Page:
“For Antonia and for me, this had been the road of Destiny; had taken us to those early accidents of fortune which predetermined for us all that we can ever be. Now I understood that the same road was to bring us together again. Whatever we had missed, we possessed together the precious, the incommunicable past.” – Willa Cather, My Antonia
These last lines of Willa Cather’s My Antonia add an aftermath reflection upon a pure adventure of a lifetime in one of my favorite Great Plains novels. A first step of any favoritism is to reminisce on a quotation favorable to your likings. And such an act also serves as a good way to review a book. What are some of your favorite quotations? And why? What are their contexts in the story? What has the author meant by them? Would you share them with others? Would you journal or think about them? What lines stand out to you?
Any one step mentioned here does not have to take place in order per se. But after considering favorite quotations, one might be inclined to consider some positive remake or two about the book and what it got right or how it did it’s narration correctly - be it small or large. At no point in Willa Cather’s work did I think of the story as incorrectly choppy, for if it appeared to, one might find it justified in that the narrator was reminiscing on his past in a flow that mimics real-life memory; it is not always smooth or in perfect sequence of details. And still the story stands smoothly without a lengthy number of pages. The topic sentences helped the reader get into the flow of remembrances.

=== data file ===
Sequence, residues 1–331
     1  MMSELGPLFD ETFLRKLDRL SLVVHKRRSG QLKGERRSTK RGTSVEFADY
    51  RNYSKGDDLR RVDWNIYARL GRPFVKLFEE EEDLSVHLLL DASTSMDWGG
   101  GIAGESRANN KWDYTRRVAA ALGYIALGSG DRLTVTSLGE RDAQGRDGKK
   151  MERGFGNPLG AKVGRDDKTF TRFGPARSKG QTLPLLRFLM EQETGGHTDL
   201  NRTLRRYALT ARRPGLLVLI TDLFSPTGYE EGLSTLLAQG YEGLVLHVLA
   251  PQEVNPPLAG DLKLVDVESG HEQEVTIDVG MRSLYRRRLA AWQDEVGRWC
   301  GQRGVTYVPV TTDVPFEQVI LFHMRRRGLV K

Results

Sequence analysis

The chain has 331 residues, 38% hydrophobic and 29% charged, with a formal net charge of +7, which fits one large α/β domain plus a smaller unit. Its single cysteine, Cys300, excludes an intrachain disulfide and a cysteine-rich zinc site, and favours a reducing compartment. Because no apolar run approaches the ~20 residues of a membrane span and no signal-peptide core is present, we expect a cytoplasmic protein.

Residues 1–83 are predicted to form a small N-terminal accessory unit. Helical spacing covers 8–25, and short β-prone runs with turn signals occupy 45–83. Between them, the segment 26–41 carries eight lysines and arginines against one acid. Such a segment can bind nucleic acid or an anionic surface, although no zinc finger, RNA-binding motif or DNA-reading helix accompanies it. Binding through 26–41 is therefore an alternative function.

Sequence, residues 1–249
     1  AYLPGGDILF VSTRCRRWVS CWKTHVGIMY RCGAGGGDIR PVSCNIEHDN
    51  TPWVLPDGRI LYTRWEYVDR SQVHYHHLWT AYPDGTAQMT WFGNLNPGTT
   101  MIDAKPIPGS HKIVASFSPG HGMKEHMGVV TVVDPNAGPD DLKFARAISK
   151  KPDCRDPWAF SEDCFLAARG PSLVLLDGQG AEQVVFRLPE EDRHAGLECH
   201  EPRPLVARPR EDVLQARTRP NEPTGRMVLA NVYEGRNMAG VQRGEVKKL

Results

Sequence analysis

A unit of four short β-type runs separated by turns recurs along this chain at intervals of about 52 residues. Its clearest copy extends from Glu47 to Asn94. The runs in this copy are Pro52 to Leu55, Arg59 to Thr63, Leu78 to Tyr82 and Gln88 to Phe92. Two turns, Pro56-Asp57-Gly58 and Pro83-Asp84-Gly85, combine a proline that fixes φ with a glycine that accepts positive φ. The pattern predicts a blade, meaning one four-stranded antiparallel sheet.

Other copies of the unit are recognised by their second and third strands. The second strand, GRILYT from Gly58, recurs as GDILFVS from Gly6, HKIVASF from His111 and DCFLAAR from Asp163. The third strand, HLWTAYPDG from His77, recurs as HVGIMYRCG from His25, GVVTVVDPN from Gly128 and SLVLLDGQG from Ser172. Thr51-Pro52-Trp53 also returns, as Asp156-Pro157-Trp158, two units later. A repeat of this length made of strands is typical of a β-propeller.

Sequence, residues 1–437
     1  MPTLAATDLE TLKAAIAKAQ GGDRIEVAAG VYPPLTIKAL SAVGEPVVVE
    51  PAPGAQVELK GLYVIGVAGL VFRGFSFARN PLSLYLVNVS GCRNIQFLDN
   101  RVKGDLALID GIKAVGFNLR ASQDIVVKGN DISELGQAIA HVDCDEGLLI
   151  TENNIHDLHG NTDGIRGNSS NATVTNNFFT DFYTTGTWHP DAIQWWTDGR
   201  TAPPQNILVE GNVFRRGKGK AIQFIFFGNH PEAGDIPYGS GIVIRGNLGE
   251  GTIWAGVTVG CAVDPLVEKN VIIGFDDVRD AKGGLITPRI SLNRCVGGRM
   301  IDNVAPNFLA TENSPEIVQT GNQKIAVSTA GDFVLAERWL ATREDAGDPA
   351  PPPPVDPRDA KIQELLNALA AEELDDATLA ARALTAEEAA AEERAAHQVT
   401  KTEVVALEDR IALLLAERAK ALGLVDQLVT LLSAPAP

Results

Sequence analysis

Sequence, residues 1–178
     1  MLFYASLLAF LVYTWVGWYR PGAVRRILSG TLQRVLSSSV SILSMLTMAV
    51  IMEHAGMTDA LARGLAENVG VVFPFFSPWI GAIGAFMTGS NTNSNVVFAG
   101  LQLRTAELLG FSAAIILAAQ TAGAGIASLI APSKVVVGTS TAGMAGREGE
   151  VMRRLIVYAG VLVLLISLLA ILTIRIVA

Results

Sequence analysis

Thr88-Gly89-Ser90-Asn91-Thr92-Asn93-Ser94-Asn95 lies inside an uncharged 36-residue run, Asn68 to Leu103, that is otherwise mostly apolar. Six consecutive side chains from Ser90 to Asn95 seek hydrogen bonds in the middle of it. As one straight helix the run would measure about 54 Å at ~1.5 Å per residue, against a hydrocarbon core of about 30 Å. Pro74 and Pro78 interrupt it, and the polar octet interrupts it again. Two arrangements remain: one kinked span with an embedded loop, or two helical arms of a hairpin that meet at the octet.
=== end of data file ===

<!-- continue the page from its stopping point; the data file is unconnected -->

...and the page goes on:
You may humble the writer or perhaps the writing but it may very well be the case that you humble yourself in your love of a book that you critique its structure or content in some way that could be better. Building on what you’ve favorited, you might observe some comparison between the work at hand and some other one where some part was written in a more favorable way. I remember once reading Feed, an adult dystopia that uses modern texting language - or at least, an equivalent - for its dialogue (much of the time). If that didn’t give a dystopian feeling, I don’t know what would. It was excruciating to read, and perhaps that was the point. But in so doing, it (as far as I could recall) failed to have any language that explained away the human experience in any profound way. It stayed on the surface level of the use of messaging technology in the lives of its characters - as perhaps a case to reflect on the society at large and how it has been affected by digital messaging. While this topic may be interesting, there are many more intriguing ways to fashion the reader in a position to reflect on it besides having characters speak in LOLs, WDYMs, and so on. Add in some dynamic dialogue with both types of written language. My point here is that any book can be critiqued in a constructive way.
Finding quotations, leaving a positive remark, and then critiquing a portion that could be better are three steps that any person can do to begin a book review. It’s not easy, but it can be well-received as many people will look to you for what a good story - and who doesn’t like a good one!? - looks like.